13. The Myth of the Monocultural Suburb • In White Diaspora, literary scholar Catherine Jurca suggests that the eschatological quality present in so many suburban novels reflects their authors’ collective sense of cultural loss. • Since the late nineteenth century middle and upper class North Americans have migrated to suburbs to escape conditions they feared or found distasteful about cities: overcrowding, pollution, poverty and (as the well-documented phenomenon of “white flight” indicates) immigration and ethnic diversity. • Ultimately, Jurca argues, these fears have shown up in novels portraying their middle-class suburban protagonists as members of a diaspora driven from cities, seeking an Anglo-Saxon homeland but finding themselves perennially displaced at the urban fringe. GEOG 4280 | Imagining Toronto Copyright © Amy Lavender Harris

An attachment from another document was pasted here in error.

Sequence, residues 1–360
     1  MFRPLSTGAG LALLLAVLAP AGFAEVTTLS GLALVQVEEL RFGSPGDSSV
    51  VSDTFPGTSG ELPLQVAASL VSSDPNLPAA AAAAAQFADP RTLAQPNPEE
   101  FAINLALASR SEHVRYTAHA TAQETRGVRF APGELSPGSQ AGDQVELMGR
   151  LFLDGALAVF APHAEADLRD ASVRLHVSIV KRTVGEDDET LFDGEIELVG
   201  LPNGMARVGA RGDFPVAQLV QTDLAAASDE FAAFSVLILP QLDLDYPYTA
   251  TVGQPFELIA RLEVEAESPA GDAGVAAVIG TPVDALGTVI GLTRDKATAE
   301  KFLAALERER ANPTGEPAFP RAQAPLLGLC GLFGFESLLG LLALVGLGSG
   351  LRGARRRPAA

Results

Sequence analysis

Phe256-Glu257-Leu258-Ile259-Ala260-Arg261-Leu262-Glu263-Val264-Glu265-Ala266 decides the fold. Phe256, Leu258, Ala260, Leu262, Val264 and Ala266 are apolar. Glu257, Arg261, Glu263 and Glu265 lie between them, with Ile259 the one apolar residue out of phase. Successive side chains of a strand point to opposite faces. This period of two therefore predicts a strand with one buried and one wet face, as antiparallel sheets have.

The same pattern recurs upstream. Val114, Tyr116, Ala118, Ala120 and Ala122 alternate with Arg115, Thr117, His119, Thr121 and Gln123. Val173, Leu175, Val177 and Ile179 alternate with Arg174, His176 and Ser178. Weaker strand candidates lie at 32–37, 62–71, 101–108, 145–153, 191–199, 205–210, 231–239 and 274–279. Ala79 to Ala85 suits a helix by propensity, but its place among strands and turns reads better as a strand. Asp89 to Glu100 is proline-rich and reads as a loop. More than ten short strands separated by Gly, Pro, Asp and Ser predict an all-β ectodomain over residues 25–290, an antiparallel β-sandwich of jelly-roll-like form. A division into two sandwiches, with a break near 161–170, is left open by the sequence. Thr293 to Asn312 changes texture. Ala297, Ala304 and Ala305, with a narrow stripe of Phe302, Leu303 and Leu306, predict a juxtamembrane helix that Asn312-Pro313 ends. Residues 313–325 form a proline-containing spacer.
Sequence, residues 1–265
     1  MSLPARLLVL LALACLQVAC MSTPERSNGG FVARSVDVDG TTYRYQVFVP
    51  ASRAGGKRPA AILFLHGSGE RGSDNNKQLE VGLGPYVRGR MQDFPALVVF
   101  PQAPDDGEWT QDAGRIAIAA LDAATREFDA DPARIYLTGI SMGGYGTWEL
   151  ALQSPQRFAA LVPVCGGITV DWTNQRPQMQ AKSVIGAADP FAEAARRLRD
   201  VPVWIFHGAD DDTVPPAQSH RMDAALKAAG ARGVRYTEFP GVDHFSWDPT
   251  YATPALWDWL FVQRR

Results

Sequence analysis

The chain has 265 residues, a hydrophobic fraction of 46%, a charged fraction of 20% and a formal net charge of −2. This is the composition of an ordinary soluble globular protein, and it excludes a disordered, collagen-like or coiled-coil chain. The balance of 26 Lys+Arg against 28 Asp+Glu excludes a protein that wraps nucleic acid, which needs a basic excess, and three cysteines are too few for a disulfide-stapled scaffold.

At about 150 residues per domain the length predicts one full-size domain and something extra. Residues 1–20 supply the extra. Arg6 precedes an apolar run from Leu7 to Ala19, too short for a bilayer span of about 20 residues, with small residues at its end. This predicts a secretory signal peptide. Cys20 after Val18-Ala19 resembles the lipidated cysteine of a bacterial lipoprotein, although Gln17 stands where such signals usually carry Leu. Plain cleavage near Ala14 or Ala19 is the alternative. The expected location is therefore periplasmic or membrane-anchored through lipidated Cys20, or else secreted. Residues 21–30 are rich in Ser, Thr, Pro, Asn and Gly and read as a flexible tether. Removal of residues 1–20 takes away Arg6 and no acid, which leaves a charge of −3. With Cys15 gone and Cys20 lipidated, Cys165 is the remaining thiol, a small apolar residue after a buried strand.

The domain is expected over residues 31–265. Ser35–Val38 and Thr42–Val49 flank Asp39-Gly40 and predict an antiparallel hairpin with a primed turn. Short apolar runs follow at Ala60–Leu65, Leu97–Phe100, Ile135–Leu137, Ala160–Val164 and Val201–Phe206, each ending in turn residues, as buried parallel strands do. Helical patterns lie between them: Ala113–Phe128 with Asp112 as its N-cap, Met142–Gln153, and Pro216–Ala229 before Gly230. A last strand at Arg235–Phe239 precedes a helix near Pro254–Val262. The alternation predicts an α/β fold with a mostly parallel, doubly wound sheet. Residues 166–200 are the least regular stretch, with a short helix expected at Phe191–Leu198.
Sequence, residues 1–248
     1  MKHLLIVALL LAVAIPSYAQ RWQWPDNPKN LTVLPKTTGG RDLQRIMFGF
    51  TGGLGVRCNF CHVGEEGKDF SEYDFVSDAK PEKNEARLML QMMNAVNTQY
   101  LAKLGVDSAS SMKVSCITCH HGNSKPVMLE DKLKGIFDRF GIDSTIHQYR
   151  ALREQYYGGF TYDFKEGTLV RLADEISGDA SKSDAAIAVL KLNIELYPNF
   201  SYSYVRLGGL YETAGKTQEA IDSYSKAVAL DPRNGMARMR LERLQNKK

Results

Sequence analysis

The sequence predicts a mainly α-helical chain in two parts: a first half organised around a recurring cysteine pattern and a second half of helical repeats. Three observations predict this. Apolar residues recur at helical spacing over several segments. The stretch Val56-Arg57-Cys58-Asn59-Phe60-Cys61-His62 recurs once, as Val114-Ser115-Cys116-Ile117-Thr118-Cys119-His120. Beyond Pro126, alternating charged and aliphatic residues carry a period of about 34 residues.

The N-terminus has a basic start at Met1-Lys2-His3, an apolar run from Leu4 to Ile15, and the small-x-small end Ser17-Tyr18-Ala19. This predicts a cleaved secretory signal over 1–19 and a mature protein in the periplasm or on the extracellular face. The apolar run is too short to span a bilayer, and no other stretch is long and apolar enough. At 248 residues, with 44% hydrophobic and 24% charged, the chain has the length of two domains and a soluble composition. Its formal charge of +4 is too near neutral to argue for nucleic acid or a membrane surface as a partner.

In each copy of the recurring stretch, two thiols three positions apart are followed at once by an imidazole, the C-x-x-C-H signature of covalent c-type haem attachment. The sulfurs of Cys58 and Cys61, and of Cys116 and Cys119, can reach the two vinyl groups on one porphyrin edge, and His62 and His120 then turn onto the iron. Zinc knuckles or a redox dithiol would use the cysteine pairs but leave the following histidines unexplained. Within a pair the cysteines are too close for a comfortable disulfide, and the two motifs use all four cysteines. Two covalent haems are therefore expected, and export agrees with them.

14. Ironically invoking the language of dispossession, Jurca explains that “the term white diaspora is designed to emphasize and lay bare the role of the novel in promoting a fantasy of victimization that reinvents white flight as the persecution of those who flee, turns material advantage into artifacts of spiritual and cultural oppression, and sympathetically treats affluent house owners as the emotionally dispossessed.” Jurca, 2001:8-9. GEOG 4280 | Imagining Toronto Copyright © Amy Lavender Harris